Vol. 1, Issue #26 Jan. 19th - Feb. 1st, 2007

Slayer: Heaven Can Wait (part 1)
Interview By: Ryk Weston

The audience is restless. There is enough energy in the crowd to light up the entire State of New York. The ever increasing volume of the crowd’s chant becomes formidable: “Slay-er! Slay-er!”. Suddenly, the house lights go down and the audience erupts into a deafening roar. Ladies and gentlemen, welcome to the world of Slayer.

Many of you are probably familiar with the “Slayer” chant even if you have never been to a Slayer concert, for it is as common as screaming “Freebird” these days. Tom Araya, vocalist/bassist for Slayer, has a laugh at this claim. “That’s funny! “Slayer” and “Freebird”! No kidding! I like that. That’s good.”

Nearly 25 years since their formation in Huntington Park, California, Slayer has been the emodiment of no holds barred speed and thrash metal whose name alone is a testament to the seditious and unflinching worldwide. With over 12 albums under their belt, plus a box set, home videos, and two Grammy nominations (their most recent for “Eyes of the Insane’, a track from their current album, Christ Illusion), Slayer is undoubtedly the stpale of extreme metal as we know it. Not bad for a band whose entire career has been void of radio play, music television, and media hoopla. Slayer marches to the beat of their own drum, and their horde of steadfast loyal fans are too willing to follow suit. “Slay-er! Slay-er! Slay-er!”

To say that controvery follows Slayer at every step would be an understatement, especially with 2001’s God Hates Us All which was eerily released on September 11, 2001. God Hates Us All went on to receive a Grammy Nomination for Best Hard Rock/ Heavy Metal Album and saw the band on an extensive tour including numerous Ozzfest dates. It also marked the reunion of longtime drummer Dave Lombardo who had left the band over a decade ago to follow other musical interests including Grip Inc. and the noise-art supergroup Fantomas.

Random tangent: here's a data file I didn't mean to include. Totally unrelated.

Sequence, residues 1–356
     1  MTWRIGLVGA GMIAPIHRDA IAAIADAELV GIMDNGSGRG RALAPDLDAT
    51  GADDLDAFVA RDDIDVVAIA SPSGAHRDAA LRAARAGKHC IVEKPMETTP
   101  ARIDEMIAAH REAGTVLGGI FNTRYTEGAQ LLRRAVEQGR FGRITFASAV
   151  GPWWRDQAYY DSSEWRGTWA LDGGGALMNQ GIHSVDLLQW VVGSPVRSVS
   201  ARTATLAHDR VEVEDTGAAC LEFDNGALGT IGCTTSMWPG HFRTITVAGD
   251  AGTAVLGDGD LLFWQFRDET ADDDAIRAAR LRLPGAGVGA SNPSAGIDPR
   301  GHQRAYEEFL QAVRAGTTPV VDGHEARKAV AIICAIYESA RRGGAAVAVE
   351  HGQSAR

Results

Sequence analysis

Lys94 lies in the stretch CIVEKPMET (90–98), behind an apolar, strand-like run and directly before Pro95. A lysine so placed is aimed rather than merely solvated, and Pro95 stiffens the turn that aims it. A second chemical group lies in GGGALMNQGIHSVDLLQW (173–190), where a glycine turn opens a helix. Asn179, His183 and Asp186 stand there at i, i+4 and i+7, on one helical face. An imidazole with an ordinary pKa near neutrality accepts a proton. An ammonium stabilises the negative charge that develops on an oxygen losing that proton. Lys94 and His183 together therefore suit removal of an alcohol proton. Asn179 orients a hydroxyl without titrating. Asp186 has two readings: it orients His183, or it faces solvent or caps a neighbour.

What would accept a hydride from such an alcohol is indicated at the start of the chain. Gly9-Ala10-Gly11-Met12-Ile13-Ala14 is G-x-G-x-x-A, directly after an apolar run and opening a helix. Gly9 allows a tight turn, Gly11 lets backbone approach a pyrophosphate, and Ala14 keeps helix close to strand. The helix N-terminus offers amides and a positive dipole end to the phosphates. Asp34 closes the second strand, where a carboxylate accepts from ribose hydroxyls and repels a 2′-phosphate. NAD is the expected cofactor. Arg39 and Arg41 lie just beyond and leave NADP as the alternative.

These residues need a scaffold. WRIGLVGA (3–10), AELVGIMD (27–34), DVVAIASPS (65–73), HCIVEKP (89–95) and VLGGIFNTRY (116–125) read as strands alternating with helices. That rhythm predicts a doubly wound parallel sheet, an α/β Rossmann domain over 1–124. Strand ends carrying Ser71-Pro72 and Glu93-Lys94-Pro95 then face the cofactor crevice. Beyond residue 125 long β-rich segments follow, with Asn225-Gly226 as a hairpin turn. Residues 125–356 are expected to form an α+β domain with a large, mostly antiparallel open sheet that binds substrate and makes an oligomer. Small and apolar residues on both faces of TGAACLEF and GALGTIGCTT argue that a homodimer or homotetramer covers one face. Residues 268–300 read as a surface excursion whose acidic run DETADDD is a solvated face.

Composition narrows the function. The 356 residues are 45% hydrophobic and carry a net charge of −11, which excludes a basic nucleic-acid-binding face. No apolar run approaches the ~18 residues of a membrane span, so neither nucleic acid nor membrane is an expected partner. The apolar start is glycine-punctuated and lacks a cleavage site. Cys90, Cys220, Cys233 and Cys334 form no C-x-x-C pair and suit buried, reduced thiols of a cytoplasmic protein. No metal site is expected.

With the release of their most current album, the band has met with good fortune once again as they have just received their second Grammy Nomination for their first single from Christ Illusion entitled “Eyes of The Insane”, a track about the the effects of war on soldiers upon returning home. Christ Illusion is also the first Slayer album to hit #5 on the Billboards Top 200 Chart. Says Tom Araya, “Yeah, we came out on #5 here in America, and believe it or not a lot of international charts at #2 in some places, which is really trippy”.

Make no qualms about it, Christ Illusion is not light on it’s attack on religion and society as a whole. If anything, this has been Slayer’s trademark since their inception, and groups like the PMRC have chased the band every step of it’s career. “The one thing they get wrong is that they call us Satanists”, says Tom Araya. “I mean, that’s what they’re getting wrong. The concept and the idea of the song and what it means, what it’s trying to say. The fans pretty much understand what the song is saying. It’s just like anything else when you’re an artist, when you create you have things that influence you. Your outside world influences you, and it becomes a partof your creativity. Especially with the songs we write and the topics that we write about. It’s just our outlet.”

Those in the know can usually tell who writes what in Slayer. Guitarists Kerry King and Jeff Hanneman tackle war and religious topics, whereas Tom generally sticks with the serial killer issues. “I’m more of a commentator”, says Araya. “A social commentator. I write about things, especially if they affect me. It’s almost like an obsession. It’s something that you just have to write about. Or what I’ve read about a person. And then if I can help Jeff and Kerry, if I can understand what it is they’re trying to say, or get across with a song. the same with Jeff. He’s more war orientated. He writes about that kind of stuff. The psychology of that mentality.”

One of the more controversial songs on Christ Illusion is ‘Jihad’, a song about life seen through the eyes of a terrorist. As touchy as this topic may be, this track is really no different than past Slayer songs such as ‘Angel of Death’ based on Dr. Joseph Mengele, or ‘213’ which dealt with serial killer Jeffrey Dahmer. “Yeah, that’s exactly it. It’s done through the eyes of a killer or terrorist. It’s done in that fashion”, says Tom Araya.

Read Part 2 of ‘Heaven Can Wait’ in the next issue of NONzine as we dig deeper on the covert art of Christ Illusion and go into the belly of life on the road with Slayer!

Slayer: Heaven Can Wait (part 2)


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